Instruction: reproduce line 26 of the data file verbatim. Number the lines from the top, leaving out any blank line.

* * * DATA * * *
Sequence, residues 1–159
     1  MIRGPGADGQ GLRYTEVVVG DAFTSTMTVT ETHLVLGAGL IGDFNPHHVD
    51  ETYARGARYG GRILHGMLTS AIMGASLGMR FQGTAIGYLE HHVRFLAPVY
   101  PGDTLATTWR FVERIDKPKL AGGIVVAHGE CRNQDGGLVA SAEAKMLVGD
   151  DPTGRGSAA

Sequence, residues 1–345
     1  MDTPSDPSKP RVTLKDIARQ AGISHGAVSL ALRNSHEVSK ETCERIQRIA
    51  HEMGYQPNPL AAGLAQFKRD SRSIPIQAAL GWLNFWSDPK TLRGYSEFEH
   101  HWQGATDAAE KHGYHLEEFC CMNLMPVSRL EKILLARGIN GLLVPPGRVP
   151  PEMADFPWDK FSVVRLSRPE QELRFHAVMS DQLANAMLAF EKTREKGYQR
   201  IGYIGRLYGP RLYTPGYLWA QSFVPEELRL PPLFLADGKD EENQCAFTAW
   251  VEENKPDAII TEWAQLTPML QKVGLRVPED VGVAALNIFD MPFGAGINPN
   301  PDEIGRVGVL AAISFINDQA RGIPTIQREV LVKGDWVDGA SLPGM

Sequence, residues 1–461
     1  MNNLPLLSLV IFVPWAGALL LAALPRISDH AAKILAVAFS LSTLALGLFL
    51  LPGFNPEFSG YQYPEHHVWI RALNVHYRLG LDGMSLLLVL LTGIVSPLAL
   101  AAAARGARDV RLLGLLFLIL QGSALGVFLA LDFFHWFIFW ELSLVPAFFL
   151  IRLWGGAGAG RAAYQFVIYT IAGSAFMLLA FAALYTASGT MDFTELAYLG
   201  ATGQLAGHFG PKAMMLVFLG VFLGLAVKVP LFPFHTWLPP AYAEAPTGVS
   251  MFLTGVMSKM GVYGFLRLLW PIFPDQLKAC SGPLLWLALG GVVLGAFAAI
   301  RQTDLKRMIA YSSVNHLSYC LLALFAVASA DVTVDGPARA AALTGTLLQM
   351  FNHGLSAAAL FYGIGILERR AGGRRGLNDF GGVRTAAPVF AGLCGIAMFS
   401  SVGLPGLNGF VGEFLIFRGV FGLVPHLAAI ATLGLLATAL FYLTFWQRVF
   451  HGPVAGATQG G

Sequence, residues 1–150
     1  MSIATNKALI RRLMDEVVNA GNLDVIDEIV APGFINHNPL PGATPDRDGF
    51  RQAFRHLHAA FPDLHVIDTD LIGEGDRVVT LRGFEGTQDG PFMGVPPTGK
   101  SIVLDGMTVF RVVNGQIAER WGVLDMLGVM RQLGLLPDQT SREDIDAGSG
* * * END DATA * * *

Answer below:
     1  MSIATNKALI RRLMDEVVNA GNLDVIDEIV APGFINHNPL PGATPDRDGF